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Snowbird Vs Steamboat?!

post #1 of 13
Thread Starter 
I'm an Aussie who works as a full-time seasonal Reservationist/Receptionist for Perisher Blue (Aussie Ski Resort) and I'm looking at working a season OS in 07-08. My husband will also be coming along for the ride, and he too works for Perisher, he is a full-time auto mechanic and works on heavy vehicles also: snow groomers etc. We would like some honest and helpful opinions from "those in the know" regarding Snowbird and Steamboat. We are happy with a relaxed kickback environment and atmosphere - raging nightlife is not a huge priority! I'm a 3rd boarder and I would be at level 4-5 in Aussie grade (comfortable riding Aussie black runs), and I'm not into park riding. My husband is a 5th yr boarder & would be past level 5, and enjoys the odd park. We would appreciate any advice regarding accommodation, cost of living, difference in snow conditions and trail runs, and comments and opinions regarding general atmosphere (local attitude etc).
Thanks heaps!
post #2 of 13
JSJ,

The snow is awesome at both Steamboat and Snowbird. Steamboat's tends to be a tad drier, while Snowbird gets a little more. In general, there might be a little more variety of terrain for lower level riding at Steamboat and more steeper terrain at Snowbird, but there's a lot more terrain available if you count all of the Salt Lake resorts. Either resort would work for a whole season terrain and snow wise.

Steamboat is a real town and a unique cultural experience, but housing is at a premium. Snowbird means living in Salt Lake City for most people. Salt Lake is a real city. Housing is reasonable. Jobs are plentiful. Cost of living is definitely lower in Salt Lake. Salt Lake gets a bum rap as being over controlled by Mormons. While they do have a heavy influence on the culture and the politics, they don't seem to have much effect on ski bums. I'd recommend Steamboat for the lifestyle or Snowbird for the economics/logistics.
post #3 of 13
Apples and Oranges for sure. Unless there is some employee housing, you don't really live at Snowbird, per se, unlike Park City, Aspen, Steamboat, Jackson (kind of), Dillon, Vail, Sun Valley, Durango, the list goes on..., although all expensive for the most part. You need to decide if you value terrain and snow over living in ski town. If I was going to another continent to spend a year central to skiing it would for sure be at a ski-town. Rules out Snowbird IMHO.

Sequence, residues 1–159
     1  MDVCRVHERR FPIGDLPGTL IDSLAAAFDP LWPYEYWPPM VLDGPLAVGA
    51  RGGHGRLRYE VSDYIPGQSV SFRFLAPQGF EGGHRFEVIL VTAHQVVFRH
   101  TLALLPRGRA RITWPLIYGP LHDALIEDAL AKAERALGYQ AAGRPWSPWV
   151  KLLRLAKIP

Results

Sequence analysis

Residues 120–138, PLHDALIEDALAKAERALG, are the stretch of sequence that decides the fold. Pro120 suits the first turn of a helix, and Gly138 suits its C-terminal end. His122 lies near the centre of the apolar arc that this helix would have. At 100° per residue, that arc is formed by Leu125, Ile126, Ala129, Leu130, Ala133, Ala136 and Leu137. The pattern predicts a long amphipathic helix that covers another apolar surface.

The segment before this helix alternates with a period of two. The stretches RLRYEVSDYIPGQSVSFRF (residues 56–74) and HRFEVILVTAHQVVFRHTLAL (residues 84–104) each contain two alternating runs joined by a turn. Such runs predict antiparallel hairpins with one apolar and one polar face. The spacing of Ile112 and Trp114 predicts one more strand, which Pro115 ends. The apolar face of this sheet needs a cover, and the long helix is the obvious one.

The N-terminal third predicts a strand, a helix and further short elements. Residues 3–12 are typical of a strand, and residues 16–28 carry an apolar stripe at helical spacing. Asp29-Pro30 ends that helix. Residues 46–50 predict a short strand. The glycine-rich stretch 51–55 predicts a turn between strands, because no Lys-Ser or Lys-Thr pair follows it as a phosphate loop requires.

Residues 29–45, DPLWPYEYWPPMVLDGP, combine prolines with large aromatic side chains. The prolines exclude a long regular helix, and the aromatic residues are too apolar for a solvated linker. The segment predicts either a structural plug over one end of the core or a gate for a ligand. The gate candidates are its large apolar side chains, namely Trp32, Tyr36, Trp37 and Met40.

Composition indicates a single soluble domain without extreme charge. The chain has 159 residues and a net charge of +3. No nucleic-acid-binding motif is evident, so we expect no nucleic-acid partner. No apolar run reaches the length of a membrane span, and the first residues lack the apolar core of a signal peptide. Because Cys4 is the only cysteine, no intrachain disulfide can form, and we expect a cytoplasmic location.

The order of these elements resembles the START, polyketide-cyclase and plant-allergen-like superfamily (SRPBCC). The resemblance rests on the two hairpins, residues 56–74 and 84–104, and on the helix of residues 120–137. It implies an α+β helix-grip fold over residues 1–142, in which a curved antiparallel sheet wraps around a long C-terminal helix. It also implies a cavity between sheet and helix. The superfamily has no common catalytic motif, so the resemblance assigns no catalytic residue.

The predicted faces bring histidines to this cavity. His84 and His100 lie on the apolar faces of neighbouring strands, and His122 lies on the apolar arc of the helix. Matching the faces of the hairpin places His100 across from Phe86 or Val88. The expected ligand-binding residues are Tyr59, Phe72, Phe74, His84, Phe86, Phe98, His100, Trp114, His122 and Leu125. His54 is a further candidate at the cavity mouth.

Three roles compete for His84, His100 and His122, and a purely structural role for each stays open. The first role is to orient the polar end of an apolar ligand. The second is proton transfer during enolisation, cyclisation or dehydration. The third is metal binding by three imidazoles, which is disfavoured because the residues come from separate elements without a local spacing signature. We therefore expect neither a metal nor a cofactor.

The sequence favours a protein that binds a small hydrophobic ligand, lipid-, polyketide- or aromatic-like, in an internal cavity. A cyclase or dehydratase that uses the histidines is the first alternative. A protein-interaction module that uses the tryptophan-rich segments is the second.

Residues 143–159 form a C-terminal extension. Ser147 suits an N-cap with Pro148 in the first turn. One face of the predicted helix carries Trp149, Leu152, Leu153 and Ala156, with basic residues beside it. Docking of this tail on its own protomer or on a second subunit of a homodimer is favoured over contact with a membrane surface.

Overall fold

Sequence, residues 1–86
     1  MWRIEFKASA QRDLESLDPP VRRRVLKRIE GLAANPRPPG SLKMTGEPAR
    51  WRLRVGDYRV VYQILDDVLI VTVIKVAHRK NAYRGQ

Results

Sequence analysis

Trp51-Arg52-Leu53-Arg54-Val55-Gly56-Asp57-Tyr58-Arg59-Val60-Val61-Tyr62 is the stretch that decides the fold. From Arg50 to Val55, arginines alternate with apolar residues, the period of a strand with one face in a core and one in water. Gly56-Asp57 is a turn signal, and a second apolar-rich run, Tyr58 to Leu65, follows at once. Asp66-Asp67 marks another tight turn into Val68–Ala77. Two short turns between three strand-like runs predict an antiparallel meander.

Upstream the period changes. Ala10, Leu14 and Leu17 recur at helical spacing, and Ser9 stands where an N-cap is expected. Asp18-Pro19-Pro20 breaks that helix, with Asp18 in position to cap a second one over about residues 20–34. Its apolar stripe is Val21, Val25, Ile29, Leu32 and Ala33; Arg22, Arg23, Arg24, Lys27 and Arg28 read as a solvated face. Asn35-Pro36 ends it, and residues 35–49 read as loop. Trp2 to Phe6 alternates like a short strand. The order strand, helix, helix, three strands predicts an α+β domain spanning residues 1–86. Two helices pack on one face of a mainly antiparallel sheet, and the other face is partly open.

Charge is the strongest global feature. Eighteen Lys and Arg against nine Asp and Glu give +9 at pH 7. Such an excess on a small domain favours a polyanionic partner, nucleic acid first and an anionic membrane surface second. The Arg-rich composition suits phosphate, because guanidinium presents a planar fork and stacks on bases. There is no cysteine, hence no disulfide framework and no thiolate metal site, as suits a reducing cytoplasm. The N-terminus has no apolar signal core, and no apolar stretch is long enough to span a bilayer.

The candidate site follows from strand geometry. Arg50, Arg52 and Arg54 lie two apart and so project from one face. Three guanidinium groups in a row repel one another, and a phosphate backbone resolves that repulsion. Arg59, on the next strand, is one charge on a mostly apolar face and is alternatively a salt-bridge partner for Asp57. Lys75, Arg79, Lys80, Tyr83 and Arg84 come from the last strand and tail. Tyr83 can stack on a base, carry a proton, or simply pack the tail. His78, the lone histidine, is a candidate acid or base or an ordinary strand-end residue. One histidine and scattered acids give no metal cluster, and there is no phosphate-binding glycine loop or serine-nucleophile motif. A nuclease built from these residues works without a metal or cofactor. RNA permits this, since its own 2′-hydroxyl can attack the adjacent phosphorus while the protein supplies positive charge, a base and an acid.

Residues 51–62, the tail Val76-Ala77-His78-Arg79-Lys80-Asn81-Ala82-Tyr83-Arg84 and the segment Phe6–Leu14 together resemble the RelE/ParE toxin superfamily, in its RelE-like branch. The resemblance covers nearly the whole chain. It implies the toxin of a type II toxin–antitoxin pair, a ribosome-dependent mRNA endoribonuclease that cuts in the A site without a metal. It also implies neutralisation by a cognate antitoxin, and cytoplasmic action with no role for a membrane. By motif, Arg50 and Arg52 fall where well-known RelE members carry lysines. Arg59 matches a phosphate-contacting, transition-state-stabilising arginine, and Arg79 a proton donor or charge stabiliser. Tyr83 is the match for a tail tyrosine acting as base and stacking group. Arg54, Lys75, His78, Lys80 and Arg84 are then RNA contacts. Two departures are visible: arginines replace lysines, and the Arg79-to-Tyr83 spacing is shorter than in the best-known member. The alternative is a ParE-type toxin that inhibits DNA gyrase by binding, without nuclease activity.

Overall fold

Do you want to walk from where you live to where you work and/or hop on a quick short city bus (Vail comes to mind)? Or have to "commute" up to the mountain?
Don't get me wrong, Snowbird is great, I'd take it (and Alta) over Steamboat in a heartbeat for a ski trip, but not to live there (and yes, I've skied all three, as a matter of fact in the same week now that I think about it)
Good luck hope you find something that works out well.
post #4 of 13
Both top mountains, to be sure. They both truly suit skiers/riders like you, as you describe yourself.

As you are talking about living there for a season, you may consider locations themselves. Steamboat Springs has a cowboy veneer that is not altogether phony, but it wears on some once the novelty wears off. It becomes suddenly a very small town after a couple of weeks. Snowbird really isn't at a town, but certainly has a resort feel.

Steamboat is about a 2.5 hrs drive from Denver; Snowbird is about 30 mins from Salt Lake City, or less.

Lots of other skiing near Snowbird. Lots. Steamboat is by itself, but there is ski jumping if you're game (there is a rope tow hill in Steamboat Springs, but I've never tried it). Although, Vail/Beaver Creek are within a reasonable drive.

Salt Lake is a strange town. If you live in the Mountain West and are used to being around Mormons, it might not be so bad. Otherwise, it would likely be a culture shock that most don't see in a brief visit. It's not a bad place (it's *very* clean, but the street-numbering system is peculiar), but it is different.

Are these the only two options? Have you considered places like Crested Butte, Telluride, the Tahoe areas, Bachelor, the Summit County areas....?